Archive for February 1, 2012

In Bari on Southern Italy’s Adriatic coast,  defence lawyer Guido Guerrieri is asked to look over the investigation into the disappearance of Manuela Ferraro, by Sabino Fornelli, a civil lawyer, acting on behalf of her distraught parents. Manuela was staying with friends, who have a group of ‘trulli’ in the countryside near Ostuni. Six months ago Manuela was given a lift to the train station in Ostuni, and has not been seen or heard from since.

The story is narrated by Guido, who realises this assignment is outside his comfort zone but is flattered it is thought he could uncover some fact missed by the police. After some prevarication Guido begins to go over the police work and following a pattern set by his crime fiction heroes [Matthew Scudder, Harry Bosch and Steve Carella] he interviews the investigating officer, and then moves on to Manuela’s friends including the disconcerting beautiful twenty three year old Caterina Pontrandolfi.

……..and resembled certain photographs of a young Marianne Faithfull. 

The flimsy and very feminine outfit-perhaps a little too flimsy, considering the season-that she wore under a denim jacket clashed pleasantly with her powerful swimmer’s physique.

The first person narrative gives us all Guido’s thought processes and a stream of interesting recollections from his past, as well as back stories about other characters. In the hands of a less accomplished author this might hold up the action, but Carofiglio seems to know the ideal length for these asides which add so much to the story. Guerrieri is forty five years old and now on his own with sometimes only Mr Bag [his battered patched-up punchbag] for company so it is natural for him to reminisce about his past relationships. The story is full of insights into a hero, whose humanity is both a strength and a vulnerability. 

So I spell it out for them, saying, “Avvocato Consuelo Favia, a lawyer who’s been working with me for several months now. We’ll be handling your case together.”

Their astonishment is understandable, and it’s not racism, per se. It’s just that in Bari, and in Italy in general, people still don’t expect a young woman with dark brown-skin and Andean features to be a lawyer.

Guido’s long walks around the city and his long conversations with his former client ex-prostitute Nadia, and her huge dog Pinto [renamed Baskerville by Guido], are the key to bringing the case to a conclusion. But that is not before Guido faces a few harsh facts about himself, and his profession.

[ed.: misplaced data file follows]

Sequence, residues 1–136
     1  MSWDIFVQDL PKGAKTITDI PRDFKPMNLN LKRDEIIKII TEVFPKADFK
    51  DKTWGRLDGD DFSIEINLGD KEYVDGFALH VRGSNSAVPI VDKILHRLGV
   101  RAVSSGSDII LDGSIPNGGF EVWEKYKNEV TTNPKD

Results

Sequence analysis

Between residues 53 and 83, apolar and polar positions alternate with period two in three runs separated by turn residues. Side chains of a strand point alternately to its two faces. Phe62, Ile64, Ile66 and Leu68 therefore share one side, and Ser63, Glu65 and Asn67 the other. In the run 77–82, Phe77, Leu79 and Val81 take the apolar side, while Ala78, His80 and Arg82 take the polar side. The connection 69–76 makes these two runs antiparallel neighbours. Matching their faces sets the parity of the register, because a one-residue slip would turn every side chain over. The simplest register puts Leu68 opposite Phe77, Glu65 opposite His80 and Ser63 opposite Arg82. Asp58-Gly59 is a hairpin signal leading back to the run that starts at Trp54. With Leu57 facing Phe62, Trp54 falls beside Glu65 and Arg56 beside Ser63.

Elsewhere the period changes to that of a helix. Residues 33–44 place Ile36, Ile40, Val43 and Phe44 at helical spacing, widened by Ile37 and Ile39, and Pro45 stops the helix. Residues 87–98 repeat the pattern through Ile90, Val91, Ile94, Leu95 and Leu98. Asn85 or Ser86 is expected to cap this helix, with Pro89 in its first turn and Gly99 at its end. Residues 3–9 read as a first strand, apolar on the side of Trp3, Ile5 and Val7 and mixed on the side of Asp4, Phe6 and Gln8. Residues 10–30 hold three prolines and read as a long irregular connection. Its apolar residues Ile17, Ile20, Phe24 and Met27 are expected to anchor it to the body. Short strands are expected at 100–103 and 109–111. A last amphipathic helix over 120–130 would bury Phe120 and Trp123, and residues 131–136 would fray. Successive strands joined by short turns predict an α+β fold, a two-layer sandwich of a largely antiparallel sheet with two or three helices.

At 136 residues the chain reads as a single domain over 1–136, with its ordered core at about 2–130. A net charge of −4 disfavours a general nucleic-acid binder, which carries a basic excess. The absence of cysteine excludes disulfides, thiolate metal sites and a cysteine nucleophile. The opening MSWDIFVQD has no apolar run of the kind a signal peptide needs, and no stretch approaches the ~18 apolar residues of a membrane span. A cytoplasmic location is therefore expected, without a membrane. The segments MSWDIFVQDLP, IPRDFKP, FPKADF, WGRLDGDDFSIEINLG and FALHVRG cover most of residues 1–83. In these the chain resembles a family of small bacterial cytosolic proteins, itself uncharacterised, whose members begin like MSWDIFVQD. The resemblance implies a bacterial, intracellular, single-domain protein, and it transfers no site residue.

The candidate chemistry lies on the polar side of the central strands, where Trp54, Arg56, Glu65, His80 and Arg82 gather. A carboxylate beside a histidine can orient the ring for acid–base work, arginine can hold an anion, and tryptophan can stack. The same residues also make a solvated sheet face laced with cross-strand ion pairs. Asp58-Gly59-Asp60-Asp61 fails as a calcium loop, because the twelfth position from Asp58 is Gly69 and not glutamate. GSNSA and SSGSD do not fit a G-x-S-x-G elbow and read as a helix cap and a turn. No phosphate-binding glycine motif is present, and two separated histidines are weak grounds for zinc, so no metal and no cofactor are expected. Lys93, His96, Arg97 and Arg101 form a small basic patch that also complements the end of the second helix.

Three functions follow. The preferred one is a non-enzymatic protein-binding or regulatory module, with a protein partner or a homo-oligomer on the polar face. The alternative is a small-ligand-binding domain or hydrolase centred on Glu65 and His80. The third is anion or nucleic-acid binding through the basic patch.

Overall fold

The issue, though, isn’t whether there are bad or incompetent people practising law, or whether the work tends to exaggerate some of the worst qualities of the human mind, and of human beings in general.

This is the fourth book in a very good series, with the books written in an easy to read style but full of intelligent discussions about the flawed Italian legal system movies, drugs, relationships and personal morality. 

” I was asking because your boyfriend, if you have one, might not be that happy about you flying somewhere with another man, especially a man much older than you.”

But in Italian crime fiction there are always much less serious subjects to be discussed.

A tiella of rice , mussels and potatoes is not too different from a paella valenciana, though any Barese will tell you it’s much, much better. Here’s how you make it: you take a cast-iron pan-or tiella, as we call it-and layer it with rice,mussels, potatoes, courgettes, and chopped fresh tomatoes………

Let us hope it is not too long before another Guido Guerrieri book is published.

Author Gianrico Carofiglio was an anti-Mafia prosecutor in Bari for many years and is now a member of the Italian Senate.  

I could not resist reposting this gem from 2007:

I heard an excellent performance by Gianrico Carofiglio on Simon Mayo’s BBC Five program this afternoon. He was in London to promote Reasonable Doubts [reviewed here on Crime Scraps], but despite being constantly interupted for non-news from Moscow, he answered some of Mayo’s inane questions with charm and good humour. He also gave us some fine insights into the character of his creation the lawyer Guido Guerreri, a man with vulnerabilities and a surprisingly caring side to his nature. 

Gianrico told Simon he had been an anti-Mafia prosecutor, and was then asked “Is that a dangerous job?”

“Not really Simon I just had four bodyguards, and the use of a specially armoured car.”